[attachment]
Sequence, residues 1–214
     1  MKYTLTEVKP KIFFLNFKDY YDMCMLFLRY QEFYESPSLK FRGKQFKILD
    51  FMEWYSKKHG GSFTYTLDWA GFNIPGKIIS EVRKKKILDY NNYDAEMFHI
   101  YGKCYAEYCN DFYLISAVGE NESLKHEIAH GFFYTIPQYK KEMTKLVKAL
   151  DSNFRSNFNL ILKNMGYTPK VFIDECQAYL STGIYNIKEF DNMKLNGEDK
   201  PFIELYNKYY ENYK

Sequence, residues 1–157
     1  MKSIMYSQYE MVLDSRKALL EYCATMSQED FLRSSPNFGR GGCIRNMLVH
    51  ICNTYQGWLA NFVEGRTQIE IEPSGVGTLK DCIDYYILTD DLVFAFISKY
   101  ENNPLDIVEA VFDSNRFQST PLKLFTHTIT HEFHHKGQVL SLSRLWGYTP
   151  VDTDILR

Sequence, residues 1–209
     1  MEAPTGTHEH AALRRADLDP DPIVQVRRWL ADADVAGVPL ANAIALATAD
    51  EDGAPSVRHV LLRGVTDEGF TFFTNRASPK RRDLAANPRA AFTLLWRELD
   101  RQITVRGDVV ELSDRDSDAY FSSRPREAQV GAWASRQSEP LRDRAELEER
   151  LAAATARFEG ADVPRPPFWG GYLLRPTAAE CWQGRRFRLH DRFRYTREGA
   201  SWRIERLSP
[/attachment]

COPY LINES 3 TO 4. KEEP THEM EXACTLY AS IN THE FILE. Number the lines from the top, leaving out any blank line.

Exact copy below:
    51  FMEWYSKKHG GSFTYTLDWA GFNIPGKIIS EVRKKKILDY NNYDAEMFHI
   101  YGKCYAEYCN DFYLISAVGE NESLKHEIAH GFFYTIPQYK KEMTKLVKAL